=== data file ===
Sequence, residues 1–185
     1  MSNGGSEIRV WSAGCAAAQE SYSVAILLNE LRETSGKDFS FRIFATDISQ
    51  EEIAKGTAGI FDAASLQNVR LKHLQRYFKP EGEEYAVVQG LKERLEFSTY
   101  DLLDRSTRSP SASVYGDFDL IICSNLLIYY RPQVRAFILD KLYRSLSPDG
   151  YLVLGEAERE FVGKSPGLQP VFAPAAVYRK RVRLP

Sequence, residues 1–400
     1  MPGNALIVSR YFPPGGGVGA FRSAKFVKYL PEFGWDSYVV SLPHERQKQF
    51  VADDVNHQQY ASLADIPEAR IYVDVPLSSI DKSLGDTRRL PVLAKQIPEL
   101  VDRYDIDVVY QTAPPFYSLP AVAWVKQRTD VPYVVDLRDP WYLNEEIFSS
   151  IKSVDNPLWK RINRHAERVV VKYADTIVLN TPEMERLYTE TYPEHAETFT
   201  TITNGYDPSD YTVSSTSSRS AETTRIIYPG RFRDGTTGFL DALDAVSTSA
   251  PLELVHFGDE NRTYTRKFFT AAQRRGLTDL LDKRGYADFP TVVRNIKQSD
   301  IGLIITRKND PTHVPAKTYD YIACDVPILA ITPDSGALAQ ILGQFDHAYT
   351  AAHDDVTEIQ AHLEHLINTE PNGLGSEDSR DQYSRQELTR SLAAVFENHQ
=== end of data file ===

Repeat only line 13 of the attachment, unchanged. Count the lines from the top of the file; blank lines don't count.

   301  IGLIITRKND PTHVPAKTYD YIACDVPILA ITPDSGALAQ ILGQFDHAYT